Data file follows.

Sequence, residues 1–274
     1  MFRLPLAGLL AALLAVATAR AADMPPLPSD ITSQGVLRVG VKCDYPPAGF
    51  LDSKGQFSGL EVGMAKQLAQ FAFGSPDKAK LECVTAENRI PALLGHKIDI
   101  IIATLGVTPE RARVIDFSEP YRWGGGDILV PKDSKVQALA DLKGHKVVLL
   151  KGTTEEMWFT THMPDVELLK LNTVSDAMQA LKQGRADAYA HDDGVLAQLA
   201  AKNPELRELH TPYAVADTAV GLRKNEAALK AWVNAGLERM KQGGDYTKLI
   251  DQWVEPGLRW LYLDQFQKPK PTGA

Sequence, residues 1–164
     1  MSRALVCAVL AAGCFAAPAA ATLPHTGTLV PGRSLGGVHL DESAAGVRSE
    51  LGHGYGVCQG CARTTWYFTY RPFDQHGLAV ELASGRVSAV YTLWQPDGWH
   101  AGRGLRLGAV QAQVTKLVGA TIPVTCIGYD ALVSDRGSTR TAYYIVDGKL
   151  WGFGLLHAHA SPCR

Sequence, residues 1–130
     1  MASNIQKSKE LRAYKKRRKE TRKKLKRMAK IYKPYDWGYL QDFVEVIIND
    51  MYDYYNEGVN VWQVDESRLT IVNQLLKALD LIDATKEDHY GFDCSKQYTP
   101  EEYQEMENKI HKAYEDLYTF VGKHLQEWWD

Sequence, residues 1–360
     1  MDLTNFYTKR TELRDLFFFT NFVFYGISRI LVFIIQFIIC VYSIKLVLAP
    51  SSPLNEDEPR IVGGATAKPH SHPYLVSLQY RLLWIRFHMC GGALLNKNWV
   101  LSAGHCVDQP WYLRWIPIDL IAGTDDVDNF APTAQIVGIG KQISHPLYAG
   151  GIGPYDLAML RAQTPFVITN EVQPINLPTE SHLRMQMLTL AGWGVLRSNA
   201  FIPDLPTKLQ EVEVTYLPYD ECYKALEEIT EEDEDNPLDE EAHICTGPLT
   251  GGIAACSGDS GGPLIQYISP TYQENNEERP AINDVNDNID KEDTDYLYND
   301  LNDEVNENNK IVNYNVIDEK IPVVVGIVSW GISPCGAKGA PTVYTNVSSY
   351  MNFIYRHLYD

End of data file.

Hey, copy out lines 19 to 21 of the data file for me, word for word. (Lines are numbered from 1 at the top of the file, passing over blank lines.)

    51  SSPLNEDEPR IVGGATAKPH SHPYLVSLQY RLLWIRFHMC GGALLNKNWV
   101  LSAGHCVDQP WYLRWIPIDL IAGTDDVDNF APTAQIVGIG KQISHPLYAG
   151  GIGPYDLAML RAQTPFVITN EVQPINLPTE SHLRMQMLTL AGWGVLRSNA